Current carbon measurement strategies leave spatiotemporal gaps that hinder the scientific understanding of the oceanic carbon biogeochemical cycle. Data products and models are subject to bias because they rely on data that inadequately capture mesoscale spatiotemporal (kilometers and days to weeks) changes. High-resolution measurement strategies need to be implemented to adequately evaluate the global ocean carbon cycle. To augment the spatial and temporal coverage of ocean-atmosphere carbon measurements, an Autonomous Surface Vehicle CO2 () system was developed. From 2011 to 2018, ASVCO2 systems were deployed on seven Wave Glider and Saildrone missions along the U.S. Pacific and Australia’s Tasmanian coastlines and in the tropical Pacific to evaluate the viability of the sensors and their applicability to carbon cycle research. Here we illustrate that the ASVCO2 systems are capable of long-term oceanic deployment and robust collection of air and seawater pCO2 within ± 2 µatm based on comparisons with established ship-board underway systems, with previously described MAPCO2 systems, and with companion ASVCO2 systems deployed side-by-side.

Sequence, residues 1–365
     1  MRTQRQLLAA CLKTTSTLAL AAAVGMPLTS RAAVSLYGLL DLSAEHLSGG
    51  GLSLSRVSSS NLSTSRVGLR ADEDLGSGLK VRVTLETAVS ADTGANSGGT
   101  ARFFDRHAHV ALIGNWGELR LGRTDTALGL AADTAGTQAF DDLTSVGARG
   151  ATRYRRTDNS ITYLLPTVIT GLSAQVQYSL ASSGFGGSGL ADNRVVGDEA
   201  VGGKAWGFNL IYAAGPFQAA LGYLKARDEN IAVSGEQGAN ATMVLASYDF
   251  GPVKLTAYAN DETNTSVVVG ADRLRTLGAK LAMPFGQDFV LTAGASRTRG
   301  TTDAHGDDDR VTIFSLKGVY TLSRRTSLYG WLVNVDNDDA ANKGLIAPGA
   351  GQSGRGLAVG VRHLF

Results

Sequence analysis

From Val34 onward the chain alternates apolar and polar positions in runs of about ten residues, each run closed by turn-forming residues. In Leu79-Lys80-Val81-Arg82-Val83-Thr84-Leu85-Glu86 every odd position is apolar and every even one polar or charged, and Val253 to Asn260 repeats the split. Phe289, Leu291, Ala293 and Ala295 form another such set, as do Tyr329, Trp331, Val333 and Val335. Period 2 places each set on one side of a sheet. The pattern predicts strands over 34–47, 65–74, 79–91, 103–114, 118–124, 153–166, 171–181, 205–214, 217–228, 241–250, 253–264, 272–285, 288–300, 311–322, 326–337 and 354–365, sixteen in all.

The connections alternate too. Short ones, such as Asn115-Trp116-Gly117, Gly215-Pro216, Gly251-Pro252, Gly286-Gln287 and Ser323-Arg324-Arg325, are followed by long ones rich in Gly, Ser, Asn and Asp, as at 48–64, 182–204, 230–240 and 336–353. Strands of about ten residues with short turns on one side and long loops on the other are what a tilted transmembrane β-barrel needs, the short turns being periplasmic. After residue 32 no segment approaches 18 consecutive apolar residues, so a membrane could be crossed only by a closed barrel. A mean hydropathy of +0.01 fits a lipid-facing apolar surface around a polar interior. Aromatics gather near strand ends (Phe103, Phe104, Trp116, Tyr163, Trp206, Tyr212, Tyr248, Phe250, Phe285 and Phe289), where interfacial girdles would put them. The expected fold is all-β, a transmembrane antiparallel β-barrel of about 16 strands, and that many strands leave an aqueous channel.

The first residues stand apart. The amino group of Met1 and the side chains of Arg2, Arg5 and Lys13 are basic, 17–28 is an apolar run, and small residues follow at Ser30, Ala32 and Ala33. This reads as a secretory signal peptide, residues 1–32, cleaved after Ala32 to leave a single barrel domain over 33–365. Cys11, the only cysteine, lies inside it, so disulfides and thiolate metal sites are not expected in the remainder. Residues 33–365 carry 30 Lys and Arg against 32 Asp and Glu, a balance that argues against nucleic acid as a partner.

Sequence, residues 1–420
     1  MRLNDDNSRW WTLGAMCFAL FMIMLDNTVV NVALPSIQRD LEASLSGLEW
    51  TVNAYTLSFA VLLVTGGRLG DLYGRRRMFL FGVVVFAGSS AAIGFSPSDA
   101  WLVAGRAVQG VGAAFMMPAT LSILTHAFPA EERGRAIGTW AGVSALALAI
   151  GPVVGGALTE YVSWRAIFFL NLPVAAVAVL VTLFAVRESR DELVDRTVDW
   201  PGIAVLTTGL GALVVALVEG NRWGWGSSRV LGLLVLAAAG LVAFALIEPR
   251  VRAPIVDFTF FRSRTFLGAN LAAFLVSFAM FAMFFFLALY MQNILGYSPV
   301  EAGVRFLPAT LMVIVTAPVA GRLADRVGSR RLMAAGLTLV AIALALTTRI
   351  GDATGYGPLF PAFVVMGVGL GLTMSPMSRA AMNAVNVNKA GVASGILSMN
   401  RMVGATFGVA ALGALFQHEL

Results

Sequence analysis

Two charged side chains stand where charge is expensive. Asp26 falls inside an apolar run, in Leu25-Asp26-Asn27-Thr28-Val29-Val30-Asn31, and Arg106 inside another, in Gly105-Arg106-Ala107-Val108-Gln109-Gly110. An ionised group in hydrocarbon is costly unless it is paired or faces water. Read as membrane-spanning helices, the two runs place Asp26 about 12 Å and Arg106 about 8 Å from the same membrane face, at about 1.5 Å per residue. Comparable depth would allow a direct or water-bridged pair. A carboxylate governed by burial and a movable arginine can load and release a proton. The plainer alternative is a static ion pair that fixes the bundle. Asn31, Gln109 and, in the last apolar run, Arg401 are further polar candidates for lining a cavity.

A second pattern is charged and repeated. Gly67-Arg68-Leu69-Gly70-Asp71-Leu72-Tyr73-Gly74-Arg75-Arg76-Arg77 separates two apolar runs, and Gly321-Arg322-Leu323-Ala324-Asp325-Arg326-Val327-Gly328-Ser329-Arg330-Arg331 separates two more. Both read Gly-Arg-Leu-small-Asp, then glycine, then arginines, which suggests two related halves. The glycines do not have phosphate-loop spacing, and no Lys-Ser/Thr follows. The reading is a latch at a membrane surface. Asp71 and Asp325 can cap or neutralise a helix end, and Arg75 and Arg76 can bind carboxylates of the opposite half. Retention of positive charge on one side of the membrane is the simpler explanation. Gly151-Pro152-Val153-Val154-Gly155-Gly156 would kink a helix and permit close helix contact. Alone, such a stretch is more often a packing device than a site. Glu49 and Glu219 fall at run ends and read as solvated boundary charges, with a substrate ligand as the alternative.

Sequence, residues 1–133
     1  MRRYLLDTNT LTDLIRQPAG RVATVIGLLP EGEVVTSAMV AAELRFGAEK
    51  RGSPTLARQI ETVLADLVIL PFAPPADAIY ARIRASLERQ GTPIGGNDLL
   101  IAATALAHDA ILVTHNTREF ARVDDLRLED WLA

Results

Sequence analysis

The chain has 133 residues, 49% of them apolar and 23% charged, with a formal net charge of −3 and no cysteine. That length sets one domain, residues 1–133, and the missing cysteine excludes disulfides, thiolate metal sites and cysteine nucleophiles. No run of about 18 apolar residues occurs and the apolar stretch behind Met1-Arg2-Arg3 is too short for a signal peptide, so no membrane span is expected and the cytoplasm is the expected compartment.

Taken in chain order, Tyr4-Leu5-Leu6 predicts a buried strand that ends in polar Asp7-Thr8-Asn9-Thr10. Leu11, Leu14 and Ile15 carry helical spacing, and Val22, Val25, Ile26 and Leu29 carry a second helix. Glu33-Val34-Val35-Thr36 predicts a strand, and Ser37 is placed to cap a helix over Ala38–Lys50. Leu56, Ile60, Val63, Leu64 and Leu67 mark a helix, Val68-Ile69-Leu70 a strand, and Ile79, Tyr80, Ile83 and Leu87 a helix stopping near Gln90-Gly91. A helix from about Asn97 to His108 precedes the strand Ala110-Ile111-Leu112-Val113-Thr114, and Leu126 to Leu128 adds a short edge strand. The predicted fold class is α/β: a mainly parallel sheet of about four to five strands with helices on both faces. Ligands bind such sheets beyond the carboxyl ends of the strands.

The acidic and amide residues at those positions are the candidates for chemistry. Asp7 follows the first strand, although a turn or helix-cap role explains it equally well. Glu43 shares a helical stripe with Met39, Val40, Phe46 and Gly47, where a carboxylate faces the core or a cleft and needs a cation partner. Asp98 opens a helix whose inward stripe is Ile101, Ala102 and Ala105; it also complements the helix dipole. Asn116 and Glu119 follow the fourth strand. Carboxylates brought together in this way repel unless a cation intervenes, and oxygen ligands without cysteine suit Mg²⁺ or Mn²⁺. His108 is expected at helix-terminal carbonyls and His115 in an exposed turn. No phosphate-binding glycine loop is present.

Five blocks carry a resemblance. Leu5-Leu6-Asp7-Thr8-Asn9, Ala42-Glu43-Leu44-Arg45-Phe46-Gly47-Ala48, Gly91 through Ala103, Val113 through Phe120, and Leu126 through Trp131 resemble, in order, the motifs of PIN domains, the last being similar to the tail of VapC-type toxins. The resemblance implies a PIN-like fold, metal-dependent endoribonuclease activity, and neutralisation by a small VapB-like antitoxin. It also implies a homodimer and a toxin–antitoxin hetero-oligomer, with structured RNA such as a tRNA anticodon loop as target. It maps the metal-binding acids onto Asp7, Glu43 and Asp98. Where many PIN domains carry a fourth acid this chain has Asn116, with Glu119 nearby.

Sabine C., Sutton A., McCabe K., Lawrence-Slavas N., Alin S., Feely R., Jenkins R., Maenner S., Meinig C., van Ooijen J. T. E., Passmore A. & Tilbrook B., in press. Evaluation of a new carbon dioxide system for autonomous surface vehicles. Journal of Atmospheric and Oceanic Technology. Article.